Call of Duty WWII: A Return to Form?
Call of Duty is undoubtedly still one of the biggest franchises in gaming. This year’s game, Call of Duty WWII is billed as a return to form for the series. It’s a spot where Sledgehammer Games, developers of Call of Duty: Advanced Warfare & Call of Duty: Modern Warfare 3, take their third crack at the franchise. It’s also a year where they cast aside the movement mechanics that changed the game considerably over the past few years. A private beta is currently going on for Call of Duty WWII, and three of our critics have gotten a chance to put some time into the multiplayer portion of the game and have offered up their opinions on where they stand on the franchise.
Call of Duty: WW2 impressed me so much at E3 that I named it one of the best games of the show. It demoed so perfectly, with players tossed together into a Team Deathmatch and War battle that lasted over 30 minutes. Yet when the time was up I wanted more. I finally got some more with the Private Beta, and I’m still quite impressed with what Sledgehammer has done here, though I didn’t come away as excited this time around.
There’s nothing at all wrong with the Call of Duty: WW2 beta, it just showed that this game is achieving all its goals. It is a classically styled COD experience, bringing the series back to WW2 and the boots-on-the-ground action that made it famous over a decade ago. But it also still is COD for all its strengths and flaws. The action is intense, the time-to-kill is short, and players can lone wolf it quite a bit, which is both good and bad.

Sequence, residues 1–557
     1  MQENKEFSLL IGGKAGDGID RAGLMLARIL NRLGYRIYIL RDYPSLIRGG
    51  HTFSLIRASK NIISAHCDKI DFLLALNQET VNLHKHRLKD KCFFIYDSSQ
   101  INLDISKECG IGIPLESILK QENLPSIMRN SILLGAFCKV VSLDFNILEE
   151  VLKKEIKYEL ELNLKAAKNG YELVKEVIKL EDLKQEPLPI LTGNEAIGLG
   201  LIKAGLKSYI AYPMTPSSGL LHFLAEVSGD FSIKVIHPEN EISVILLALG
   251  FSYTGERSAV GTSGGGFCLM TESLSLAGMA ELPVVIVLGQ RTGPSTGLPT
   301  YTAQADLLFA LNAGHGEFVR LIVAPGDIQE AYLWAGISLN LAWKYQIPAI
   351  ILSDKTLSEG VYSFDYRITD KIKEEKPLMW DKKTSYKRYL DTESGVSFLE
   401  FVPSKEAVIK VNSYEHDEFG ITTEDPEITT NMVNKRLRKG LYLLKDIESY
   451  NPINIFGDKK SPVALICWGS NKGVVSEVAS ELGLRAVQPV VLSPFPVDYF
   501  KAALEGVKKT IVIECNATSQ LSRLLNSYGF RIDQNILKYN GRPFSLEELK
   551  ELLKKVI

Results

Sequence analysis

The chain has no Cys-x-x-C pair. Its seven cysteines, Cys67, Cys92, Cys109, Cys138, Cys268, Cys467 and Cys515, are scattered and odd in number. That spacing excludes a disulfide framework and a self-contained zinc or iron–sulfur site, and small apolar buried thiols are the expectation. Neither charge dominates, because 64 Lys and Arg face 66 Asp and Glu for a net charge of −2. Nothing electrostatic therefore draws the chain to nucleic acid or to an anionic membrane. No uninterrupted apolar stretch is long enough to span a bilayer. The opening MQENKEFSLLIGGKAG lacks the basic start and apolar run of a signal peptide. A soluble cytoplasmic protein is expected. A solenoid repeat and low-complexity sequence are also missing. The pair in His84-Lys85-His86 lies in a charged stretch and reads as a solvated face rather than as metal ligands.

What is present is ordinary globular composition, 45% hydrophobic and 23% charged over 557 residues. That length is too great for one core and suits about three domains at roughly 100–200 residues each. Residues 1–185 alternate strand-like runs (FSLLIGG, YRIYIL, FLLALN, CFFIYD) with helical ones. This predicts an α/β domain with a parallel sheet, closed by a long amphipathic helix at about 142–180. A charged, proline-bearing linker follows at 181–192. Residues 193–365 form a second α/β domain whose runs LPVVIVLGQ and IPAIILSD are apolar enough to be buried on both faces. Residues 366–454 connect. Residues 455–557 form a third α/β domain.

I wonder if the game would present enjoyment over the long term.
I loved the game, and had a wonderful time with the beta. Team Deathmatch and the other returning modes were fun, but my favorite is the new War mode. This isn’t the first time we’ve seen a shooter do a progression of goals, but it works well here, and I found myself coming back to it the most. It does present a larger balancing challenge, and many matches were totally one sided, but that could come down to the players not know what to do.
Overall the Call of Duty: WW2 showed that my initial impressions weren’t a fluke; the game is great. It returns the series to its roots while keeping what’s worked so well so far. However, as someone who hasn’t been truly compelled by a Call of Duty game in quite a while, I’m not quite sure if this will be enough to bring me back full time. As I dug into the unlocks and tailored my character, I wondered if the game would present enough enjoyment over the long term. I hope so, and it’s looking good so far, but I’m not totally on board with WW2 just yet.
The guns on offer are give a satisfying experience across all Divisions, with the SMG detachable suppressor perk being my favourite. The new War mode delivers a fresh experience that would feel more at home in Battlefield 1, albeit on a smaller scale. This is not to say that WWII has lost touch with it’s core run and gun mechanics though, as that component is joyously ever-present in the Beta.
The core run and gun mechanics are joyously ever-present
The in-game cutscenes add a gravitas to the series’ historically story-lite multiplayer that is genuinely nice to see before heading out to slaughter your opponents. Over a longer term I can see the new War mode becoming samey for some players, but the series staple modes hold up well with WWII’s gameplay, keeping up a varied experience over the hours I played on the Mosh Pit playlist.